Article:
• So where I was motivated before to put together a great presentation, now it is what I think about. And since my talk's topic will be blogging--how it can both enrich your connection to the natural world and your writing practice--I want and need to be 100% transparent here. I will keep posting on what inspires me, when it inspires me, of course. That's been the whole point from the beginning, and that's probably why you've stuck around. But in the next several months, I'm going to need your help, friends. For experience's sake, I'm going to try some new things (giveaways), reach out to other networks (guest blogging), curate and edit an online newsletter (Nature-Talk), and ask you, dear reader, some basic nature/blog/photography/writing related questions. Any feedback you'd care to share with me will be gobbled up with heaps of appreciation. I'm planning to create a Prezi that includes names and links and a whole mess of goodness. I'd love for your voice to be a part of the mix. 

  • In the mean time, if you have books or articles I should read, questions I should be thinking about, or whatever, please let me know. We're one big community, right? If I've learned anything from this bloggy venture, it's been that the world really is small after all.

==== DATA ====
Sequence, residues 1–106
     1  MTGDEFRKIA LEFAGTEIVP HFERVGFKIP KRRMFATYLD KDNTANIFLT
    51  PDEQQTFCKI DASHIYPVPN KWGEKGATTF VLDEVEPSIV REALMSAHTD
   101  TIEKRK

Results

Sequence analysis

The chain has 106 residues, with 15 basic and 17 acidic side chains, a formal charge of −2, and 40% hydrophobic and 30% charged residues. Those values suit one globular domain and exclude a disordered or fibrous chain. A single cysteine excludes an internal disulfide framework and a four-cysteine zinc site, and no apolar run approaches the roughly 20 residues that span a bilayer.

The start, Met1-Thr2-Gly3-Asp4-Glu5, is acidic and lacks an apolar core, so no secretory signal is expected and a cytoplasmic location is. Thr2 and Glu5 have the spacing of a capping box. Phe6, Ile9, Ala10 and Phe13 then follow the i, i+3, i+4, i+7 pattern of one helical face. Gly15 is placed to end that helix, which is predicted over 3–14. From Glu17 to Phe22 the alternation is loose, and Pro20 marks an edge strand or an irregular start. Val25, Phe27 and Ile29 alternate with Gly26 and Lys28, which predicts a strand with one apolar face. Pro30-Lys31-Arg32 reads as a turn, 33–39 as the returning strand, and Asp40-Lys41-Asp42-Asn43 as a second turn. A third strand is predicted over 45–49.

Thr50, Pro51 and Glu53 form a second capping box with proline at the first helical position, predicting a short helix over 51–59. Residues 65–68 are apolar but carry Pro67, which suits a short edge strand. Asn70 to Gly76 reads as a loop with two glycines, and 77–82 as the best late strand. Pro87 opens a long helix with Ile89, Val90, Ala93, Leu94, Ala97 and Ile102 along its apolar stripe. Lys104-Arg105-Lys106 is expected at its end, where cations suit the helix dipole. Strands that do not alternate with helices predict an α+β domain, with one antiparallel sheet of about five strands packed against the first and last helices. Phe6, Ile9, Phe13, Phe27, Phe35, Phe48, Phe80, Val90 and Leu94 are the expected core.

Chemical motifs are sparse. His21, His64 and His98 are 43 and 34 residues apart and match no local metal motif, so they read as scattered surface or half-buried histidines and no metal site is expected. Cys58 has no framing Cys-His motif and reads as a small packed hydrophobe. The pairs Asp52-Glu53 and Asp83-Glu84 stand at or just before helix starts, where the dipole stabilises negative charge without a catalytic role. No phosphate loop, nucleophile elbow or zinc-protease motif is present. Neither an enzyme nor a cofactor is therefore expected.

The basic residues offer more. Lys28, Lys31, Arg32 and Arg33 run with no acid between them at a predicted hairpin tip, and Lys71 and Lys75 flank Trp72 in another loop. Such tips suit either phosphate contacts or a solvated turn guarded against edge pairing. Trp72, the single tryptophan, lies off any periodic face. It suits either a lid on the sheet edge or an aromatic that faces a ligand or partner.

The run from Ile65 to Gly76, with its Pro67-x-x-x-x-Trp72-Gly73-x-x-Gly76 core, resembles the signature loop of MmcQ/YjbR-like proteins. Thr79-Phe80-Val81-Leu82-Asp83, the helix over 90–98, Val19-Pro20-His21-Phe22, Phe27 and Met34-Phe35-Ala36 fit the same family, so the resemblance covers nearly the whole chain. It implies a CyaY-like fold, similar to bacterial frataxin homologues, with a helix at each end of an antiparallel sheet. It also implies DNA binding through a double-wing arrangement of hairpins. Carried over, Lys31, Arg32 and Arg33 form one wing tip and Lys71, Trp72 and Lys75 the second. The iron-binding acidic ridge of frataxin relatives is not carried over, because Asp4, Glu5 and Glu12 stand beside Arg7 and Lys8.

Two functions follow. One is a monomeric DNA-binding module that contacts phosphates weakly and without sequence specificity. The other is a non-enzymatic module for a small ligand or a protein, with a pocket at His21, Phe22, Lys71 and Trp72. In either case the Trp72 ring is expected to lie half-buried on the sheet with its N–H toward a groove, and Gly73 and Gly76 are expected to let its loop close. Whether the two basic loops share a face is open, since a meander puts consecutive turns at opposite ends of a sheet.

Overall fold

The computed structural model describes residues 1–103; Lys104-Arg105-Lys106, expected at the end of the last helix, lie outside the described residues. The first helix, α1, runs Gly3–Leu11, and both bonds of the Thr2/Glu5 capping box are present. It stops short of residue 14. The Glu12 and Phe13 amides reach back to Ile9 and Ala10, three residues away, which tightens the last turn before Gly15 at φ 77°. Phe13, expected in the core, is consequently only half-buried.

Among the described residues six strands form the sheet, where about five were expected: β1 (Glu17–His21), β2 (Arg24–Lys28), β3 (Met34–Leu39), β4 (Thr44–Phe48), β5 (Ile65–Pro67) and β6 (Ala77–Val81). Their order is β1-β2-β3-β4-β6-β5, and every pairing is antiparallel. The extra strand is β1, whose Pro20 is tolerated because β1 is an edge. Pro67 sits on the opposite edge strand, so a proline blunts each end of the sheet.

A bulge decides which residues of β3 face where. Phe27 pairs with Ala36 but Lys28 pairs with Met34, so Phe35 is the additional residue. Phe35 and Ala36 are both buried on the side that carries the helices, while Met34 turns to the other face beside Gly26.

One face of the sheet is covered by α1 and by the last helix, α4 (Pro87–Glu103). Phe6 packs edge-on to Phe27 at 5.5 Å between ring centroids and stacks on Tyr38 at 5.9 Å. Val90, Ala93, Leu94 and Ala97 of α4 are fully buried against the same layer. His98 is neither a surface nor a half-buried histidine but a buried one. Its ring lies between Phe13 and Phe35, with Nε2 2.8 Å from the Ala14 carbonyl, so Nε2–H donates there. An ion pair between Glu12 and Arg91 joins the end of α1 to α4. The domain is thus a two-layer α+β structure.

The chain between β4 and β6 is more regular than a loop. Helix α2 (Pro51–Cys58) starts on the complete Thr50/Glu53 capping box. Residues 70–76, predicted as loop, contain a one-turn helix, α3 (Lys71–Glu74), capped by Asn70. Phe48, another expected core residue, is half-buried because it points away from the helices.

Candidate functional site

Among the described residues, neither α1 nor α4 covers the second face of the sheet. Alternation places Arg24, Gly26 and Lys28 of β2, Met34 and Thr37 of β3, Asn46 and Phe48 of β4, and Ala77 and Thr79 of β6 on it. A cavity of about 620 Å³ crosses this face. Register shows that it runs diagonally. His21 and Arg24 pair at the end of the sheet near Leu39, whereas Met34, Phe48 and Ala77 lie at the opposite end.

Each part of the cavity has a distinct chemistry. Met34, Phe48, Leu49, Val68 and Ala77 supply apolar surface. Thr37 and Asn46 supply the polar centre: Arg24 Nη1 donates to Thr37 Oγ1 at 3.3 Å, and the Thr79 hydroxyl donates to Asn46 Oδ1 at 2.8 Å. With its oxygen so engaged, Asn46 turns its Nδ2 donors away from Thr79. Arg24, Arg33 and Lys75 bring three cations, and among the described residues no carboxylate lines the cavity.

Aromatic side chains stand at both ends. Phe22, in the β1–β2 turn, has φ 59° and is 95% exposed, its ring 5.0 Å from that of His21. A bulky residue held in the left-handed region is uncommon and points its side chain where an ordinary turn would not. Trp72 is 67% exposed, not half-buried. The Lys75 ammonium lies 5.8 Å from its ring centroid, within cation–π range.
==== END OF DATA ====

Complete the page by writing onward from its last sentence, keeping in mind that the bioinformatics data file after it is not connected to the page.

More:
To the road!

May 1, 2012

The Lake

My appreciation for place comes most directly from my parents, but I also have to thank Grandpa and Grandma Longstreet for scouting out the piece of southwestern Minnesota lake land that has become the one consistent spot on earth I've returned to since the year I was born. I visit Lake Shetek and Keeley Island and the Longstreet Lot less now that I'm older and farther away and--that too-easy word--busy. But its greens and blues and laughs and grill-roasted turkey dinners feel no less vivid.

My essay "The Lake," out this month in Minnesota Conservation Volunteer, is a long-time coming. A long time, pre-me. It's a thank you letter, really. So: Grandpa Bud, I imagine your face with the smile I would have witnessed had you lived to meet me, and Grandma Mar, I miss you so much and sense the pressure of your hand around my wrist.

Keeley Island, Lake Shetek, MN